Homemade Marmalade

Let’s face it making it never crossed my mind to make homemade marmalade before lockdown. Maybe it had, but it was never a real thing. But as it started to rain for yet another day, I decided to give it a go. Apparently this is the perfect time to make marmalade, as it is peak time for Seville oranges. Homemade marmalade would be a thing this year. I waited for a particularly grim Sunday to get started with my Riverford marmalade kit.

Unsurprisingly it takes a long time, but you do have a lot to show for your effort – 8 jars full (nearly 9). It should keep us going for a (long) while. Was it worth it? Yes, I really enjoyed the process. Homemade marmalade uses everything at some stage of the making process. You need a minimum of ingredients, oranges, lemons and sugar. And you can add your own twist – in my case it was adding Three Spirits to the recipe to add depth to the flavour.

The basic recipe I used came with my Riverford kit for homemade marmalade and is available here – and is probably totally fine on its own. In the recipe I am sharing, I added the Three Spirits quantities (quite a bit in the end). I made this change, just to make the most of that one time of me making marmalade. The colour of my marmalade is just darker and deeper than the original recipe will yield.

Who has tried to make marmalade (or jam, on my list still). You can also check out my other recipes here.


  • 1.5 kg Seville oranges
  • 2 lemons
  • 2.5 kg cold water
  • 2 kg granulated sugar
  • 400 ml Three Spirits (mix of nightcap and social elixir)


  • With a sharp knife, peel the skin from the oranges and lemons, leaving as much white pith on the fruit as possible. Chop the peel into 3mm strips and put in a large pan (it takes forever, it is worth the hassle).
  • Line a large bowl with a piece of muslin, leaving plenty to overhang the sides of the bowl. Cut the oranges and lemons in half. With your hands, squeeze the juice from the fruit over the bowl, dropping the leftover squeezed fruit (pith, pips and flesh) into the muslin.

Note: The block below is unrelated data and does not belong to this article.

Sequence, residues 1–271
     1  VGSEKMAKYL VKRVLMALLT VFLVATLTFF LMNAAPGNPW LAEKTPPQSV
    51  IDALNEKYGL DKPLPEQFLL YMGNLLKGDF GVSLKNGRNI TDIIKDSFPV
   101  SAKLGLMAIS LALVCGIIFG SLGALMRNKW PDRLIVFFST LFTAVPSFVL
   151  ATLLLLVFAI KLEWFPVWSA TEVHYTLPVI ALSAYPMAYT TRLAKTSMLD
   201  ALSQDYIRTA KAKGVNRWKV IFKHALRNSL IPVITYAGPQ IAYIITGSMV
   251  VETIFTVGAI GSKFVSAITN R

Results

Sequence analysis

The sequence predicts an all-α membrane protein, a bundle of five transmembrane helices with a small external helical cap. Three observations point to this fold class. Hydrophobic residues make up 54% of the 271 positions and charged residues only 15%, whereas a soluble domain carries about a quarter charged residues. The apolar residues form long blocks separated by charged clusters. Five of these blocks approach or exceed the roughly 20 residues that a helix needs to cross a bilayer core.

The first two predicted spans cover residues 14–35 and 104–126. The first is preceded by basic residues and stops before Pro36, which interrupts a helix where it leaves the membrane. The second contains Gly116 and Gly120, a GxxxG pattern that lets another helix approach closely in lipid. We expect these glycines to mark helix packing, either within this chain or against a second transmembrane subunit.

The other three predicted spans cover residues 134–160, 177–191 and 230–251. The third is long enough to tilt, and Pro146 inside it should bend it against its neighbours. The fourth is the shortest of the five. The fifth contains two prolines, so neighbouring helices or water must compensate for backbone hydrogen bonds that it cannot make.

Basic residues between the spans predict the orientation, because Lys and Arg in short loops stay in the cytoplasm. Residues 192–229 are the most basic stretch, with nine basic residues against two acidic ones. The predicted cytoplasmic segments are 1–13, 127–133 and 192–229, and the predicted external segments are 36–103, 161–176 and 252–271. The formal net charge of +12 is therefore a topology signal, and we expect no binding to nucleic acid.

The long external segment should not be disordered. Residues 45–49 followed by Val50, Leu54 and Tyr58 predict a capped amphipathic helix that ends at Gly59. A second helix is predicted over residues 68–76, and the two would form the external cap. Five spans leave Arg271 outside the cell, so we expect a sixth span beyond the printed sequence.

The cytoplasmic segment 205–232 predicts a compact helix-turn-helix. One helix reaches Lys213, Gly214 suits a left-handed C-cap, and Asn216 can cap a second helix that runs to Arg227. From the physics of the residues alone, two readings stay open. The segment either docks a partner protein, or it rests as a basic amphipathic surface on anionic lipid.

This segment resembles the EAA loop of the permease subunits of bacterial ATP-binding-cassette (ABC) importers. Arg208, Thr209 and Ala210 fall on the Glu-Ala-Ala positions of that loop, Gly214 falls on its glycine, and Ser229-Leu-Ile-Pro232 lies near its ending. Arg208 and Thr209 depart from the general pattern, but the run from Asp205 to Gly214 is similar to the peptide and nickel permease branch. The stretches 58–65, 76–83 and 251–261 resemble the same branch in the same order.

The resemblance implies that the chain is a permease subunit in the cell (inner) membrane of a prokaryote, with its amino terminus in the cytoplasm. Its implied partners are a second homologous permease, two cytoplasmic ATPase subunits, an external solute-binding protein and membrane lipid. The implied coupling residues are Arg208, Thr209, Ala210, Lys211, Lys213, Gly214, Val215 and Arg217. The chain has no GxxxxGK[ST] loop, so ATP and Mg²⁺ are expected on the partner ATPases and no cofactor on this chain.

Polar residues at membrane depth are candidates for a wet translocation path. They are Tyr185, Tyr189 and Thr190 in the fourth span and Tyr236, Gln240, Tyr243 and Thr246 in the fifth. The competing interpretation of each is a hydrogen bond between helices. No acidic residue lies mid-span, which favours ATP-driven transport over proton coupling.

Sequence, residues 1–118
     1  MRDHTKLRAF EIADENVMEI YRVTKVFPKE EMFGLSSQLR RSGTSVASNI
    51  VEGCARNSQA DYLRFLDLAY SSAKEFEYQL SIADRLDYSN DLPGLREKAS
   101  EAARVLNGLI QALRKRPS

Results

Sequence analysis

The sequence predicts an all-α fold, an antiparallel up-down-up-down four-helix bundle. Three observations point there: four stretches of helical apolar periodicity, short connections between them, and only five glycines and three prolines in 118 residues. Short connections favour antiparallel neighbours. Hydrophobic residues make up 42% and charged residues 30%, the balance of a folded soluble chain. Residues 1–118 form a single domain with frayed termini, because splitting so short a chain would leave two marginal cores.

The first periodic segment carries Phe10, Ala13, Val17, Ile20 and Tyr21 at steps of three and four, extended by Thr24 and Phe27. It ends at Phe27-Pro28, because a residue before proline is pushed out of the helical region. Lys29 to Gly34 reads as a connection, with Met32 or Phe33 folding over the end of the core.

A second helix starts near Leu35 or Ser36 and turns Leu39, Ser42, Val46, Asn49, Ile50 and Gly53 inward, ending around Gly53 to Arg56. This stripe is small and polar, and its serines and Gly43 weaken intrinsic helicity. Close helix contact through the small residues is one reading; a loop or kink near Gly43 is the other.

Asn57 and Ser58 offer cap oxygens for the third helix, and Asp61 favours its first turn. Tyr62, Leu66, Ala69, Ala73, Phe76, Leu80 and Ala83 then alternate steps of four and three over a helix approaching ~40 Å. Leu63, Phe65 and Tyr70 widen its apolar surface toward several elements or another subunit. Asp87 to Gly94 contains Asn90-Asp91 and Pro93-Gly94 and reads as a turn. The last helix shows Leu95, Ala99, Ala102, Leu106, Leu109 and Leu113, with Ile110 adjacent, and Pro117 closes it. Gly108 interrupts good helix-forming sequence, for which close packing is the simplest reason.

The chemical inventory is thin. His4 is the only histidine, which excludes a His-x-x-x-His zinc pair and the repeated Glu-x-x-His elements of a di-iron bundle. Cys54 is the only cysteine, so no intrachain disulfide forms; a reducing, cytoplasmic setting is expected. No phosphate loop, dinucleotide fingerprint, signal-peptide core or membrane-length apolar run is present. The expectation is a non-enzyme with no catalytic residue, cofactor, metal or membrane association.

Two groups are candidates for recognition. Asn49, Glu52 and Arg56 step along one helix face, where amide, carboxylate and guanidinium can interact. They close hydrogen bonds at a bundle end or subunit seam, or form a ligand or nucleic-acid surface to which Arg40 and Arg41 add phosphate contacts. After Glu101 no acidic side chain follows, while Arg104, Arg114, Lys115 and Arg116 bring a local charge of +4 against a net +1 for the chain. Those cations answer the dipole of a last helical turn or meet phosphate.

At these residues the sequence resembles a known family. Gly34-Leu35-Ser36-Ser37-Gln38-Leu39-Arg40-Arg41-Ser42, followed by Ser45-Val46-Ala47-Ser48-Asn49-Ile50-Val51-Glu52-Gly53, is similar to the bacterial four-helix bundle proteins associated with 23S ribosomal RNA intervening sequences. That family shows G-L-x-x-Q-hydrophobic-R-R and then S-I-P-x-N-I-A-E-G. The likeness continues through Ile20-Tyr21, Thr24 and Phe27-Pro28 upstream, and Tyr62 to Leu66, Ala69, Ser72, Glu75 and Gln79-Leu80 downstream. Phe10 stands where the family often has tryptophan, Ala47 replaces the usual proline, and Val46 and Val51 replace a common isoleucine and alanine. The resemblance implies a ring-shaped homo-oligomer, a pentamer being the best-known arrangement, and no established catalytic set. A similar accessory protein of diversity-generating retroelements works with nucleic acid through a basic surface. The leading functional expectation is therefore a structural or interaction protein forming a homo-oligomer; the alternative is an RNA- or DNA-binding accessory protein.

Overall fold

• Lift the muslin out of the bowl, gather the sides and squeeze any remaining juice into the bowl. Tie the muslin together with string to keep the fruit in and form a bag
  • Place the muslin bag in the saucepan with the peel. Add the squeezed fruit juice, 2.5 litres cold water to the pan and 200 ml of your Three Spirits mix.
  • Heat until boiling, then reduce the heat and simmer for 2 hours, until the peel is tender. Put a few saucers in the fridge to chill.
  • Remove the muslin bag and squeeze all the sticky juice from the bag into the pan. (An easy way to do this is to put the bag in a colander and use a spoon to press it out).
  • Measure the contents of the pan in a jug (include the shreds and liquid). Return to the pan and add 450g sugar for every 500ml liquid. I got about 2.5l of liquid in the end. I then added the rest of 200 ml of the Three Spirits mix.
  • Gently heat for 15 minutes, until the sugar crystals have dissolved. Increase the heat and boil rapidly for 15 minutes.
  • Test that the marmalade has reached setting point by putting a teaspoon of the liquid on a cold saucer and gently pushing with the back of the spoon. If the liquid starts to wrinkle, setting point has been reached. If no wrinkling happens, keep boiling and re-test every 10 minutes. Turn off the heat as soon as you reach setting point. I had to wait a bit to make sure it would set.
  • Leave the mixture to stand for 15 minutes. Stir gently, then carefully spoon into warmed sterilised jars (use a jam funnnel if you have one). Boil the jars and lids for a few minutes and leave to dry before using.


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